My family and friends are my true home – Home is where the Heart is – and most of them, like me, live in Chicago and feel rooted here. My daughter, Rachel, and her husband, Mike, love Chicago and plan to raise a family here; we are all excited about the impending arrival of my first grandchild.
What do you do for a living?
I went to Catholic schools all my life including an all-girls catholic high school. In college, I completed a degree in Behavioral Science. It was a natural degree choice for me because I’d always been curious about behavioral patterns; different types of thinking and lifestyles.
Over the years, I also accumulated alternative degrees and the most tangible of my alternative degrees is that of Reiki Master/Teacher. This is a Japanese technique that enhances relaxation and reduces stress. Reiki allows me to become a conduit for healing. I become an open vessel for Spirit energy to enter, flow through me, and then, through my laying on of hands, interact with my client in the best possible healing way.
If you ask any Reiki Master/Teacher, you will get varied descriptions of what Reiki is. This is my method of describing what I do. What has evolved throughout my years of practice is a unique blend of psychotherapy and Reiki which has resulted into what I describe as my healing art. What my clients experience is a safe place in which to release their deepest and most intimate fears, hopes and dreams. Cathartic change occurs during my sessions with many of the clients I work with. I have been in practice for 25 years and have many satisfied clients which is an honor and a testament to how much effort I have invested into every aspect of what I do.
“It takes a lot of courage to release the familiar and seemingly secure, to embrace the new. But there is no real security in what is no longer meaningful. There is more security in the adventurous and exciting, for in movement there is life, and in change there is power.” Alan Cohen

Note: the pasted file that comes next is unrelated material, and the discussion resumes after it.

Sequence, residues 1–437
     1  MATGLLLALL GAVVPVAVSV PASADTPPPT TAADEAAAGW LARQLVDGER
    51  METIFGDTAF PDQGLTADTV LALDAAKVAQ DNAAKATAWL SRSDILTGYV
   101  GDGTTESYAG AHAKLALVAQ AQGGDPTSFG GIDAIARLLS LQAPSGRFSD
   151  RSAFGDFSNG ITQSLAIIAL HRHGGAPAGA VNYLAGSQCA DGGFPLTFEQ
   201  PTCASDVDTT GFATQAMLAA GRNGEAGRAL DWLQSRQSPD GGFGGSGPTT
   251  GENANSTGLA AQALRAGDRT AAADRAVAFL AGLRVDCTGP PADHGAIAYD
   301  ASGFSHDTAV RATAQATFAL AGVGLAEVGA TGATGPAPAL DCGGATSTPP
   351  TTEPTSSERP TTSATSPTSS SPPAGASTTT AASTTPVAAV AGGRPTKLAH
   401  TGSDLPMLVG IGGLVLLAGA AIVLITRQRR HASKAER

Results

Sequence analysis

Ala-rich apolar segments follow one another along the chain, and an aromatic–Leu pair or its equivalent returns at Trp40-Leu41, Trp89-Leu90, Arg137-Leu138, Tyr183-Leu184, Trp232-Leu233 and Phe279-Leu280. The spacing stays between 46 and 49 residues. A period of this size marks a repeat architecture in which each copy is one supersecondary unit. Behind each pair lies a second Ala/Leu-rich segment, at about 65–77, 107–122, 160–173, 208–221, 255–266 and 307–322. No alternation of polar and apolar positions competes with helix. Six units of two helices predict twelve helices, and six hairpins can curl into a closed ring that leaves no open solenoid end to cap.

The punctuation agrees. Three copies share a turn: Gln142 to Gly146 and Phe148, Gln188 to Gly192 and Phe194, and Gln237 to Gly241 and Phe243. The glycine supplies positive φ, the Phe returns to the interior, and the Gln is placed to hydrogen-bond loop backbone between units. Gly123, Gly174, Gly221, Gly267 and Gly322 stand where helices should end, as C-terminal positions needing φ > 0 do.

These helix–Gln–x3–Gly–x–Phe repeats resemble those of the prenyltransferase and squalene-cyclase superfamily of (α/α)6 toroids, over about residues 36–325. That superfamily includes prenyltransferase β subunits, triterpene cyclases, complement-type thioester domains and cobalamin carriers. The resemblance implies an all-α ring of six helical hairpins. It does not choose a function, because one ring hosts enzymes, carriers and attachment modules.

Tess’s Survival Slideshow
Why/How did you choose the path you now follow?
My Mom planted the healer seed that grew in me and in all of my siblings; we each display intensely similar philosophies. I was born in 1953 during the baby boomer years and I believe that the combination of being born during a pivotal period of change in the USA and elsewhere, and my Mom’s humanitarian heart, both had a profound impact upon my life choices and approach to the world.
I remember one evening; my mother sat us down in the living room in front of the first television in our home. She turned on the TV; it was broadcasting a show about the Holocaust and Mom said she wanted to make sure that we knew that all people deserved kindness. I remember feeling paralyzed on my couch as I watched the black and white shots of the Nazis digging mass burial graves for the Jewish concentration camp dead who were being dumped out of wheelbarrows into a deep dirt pit. The film footage was so graphic I felt quite ill. I later recognized this event as my baptism into empathy at age 7.
As an Irish-Catholic household on both sides, we had two framed portraits hanging in our home. They were not of our family but of Pope John Paul XXIII and President J.F. Kennedy. It was a shrine. In addition to these two leaders, my deepest attachments were to Reverend Martin Luther King Jr., Mahatma Gandhi, Mother Teresa, Malcolm X, Dorothy Day, Fathers Daniel and Phillip Berrigan, Nelson Mandela, Bernadette Devlin, Bobby Sands, Gloria Steinem and Bobby Kennedy.
When three magnificent freedom fighters, JFK, Bobby and MLK, were gunned down, the pain in my heart was unbearable. Caught in the chaos of the civil rights struggle, the women’s liberation movement, the Vietnam War, the hippie movement and the free love/drug epidemic, it was no wonder my teenage years were confusing. Yet, my path was laid by Mom’s humanitarianism and fierce sense that injustice should not be allowed to prevail.